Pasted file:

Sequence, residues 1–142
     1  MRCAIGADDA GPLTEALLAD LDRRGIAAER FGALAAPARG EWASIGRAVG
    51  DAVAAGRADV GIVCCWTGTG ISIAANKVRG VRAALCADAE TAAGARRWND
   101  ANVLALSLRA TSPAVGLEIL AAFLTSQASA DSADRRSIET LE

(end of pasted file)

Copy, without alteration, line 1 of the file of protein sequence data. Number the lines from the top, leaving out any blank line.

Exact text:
Sequence, residues 1–142